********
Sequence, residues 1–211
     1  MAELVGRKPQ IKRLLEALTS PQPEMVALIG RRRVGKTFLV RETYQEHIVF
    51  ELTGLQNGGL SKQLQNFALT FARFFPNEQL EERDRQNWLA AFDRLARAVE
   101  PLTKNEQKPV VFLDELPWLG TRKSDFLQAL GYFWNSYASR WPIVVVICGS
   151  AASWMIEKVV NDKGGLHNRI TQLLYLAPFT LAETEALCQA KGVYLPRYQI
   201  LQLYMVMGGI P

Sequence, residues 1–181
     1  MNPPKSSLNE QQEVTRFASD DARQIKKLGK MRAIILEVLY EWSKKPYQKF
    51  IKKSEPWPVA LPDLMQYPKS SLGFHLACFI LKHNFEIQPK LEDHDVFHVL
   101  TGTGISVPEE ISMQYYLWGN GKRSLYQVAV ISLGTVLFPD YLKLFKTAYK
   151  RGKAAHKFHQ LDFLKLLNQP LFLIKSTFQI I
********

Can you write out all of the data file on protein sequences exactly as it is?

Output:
Sequence, residues 1–211
     1  MAELVGRKPQ IKRLLEALTS PQPEMVALIG RRRVGKTFLV RETYQEHIVF
    51  ELTGLQNGGL SKQLQNFALT FARFFPNEQL EERDRQNWLA AFDRLARAVE
   101  PLTKNEQKPV VFLDELPWLG TRKSDFLQAL GYFWNSYASR WPIVVVICGS
   151  AASWMIEKVV NDKGGLHNRI TQLLYLAPFT LAETEALCQA KGVYLPRYQI
   201  LQLYMVMGGI P

Sequence, residues 1–181
     1  MNPPKSSLNE QQEVTRFASD DARQIKKLGK MRAIILEVLY EWSKKPYQKF
    51  IKKSEPWPVA LPDLMQYPKS SLGFHLACFI LKHNFEIQPK LEDHDVFHVL
   101  TGTGISVPEE ISMQYYLWGN GKRSLYQVAV ISLGTVLFPD YLKLFKTAYK
   151  RGKAAHKFHQ LDFLKLLNQP LFLIKSTFQI I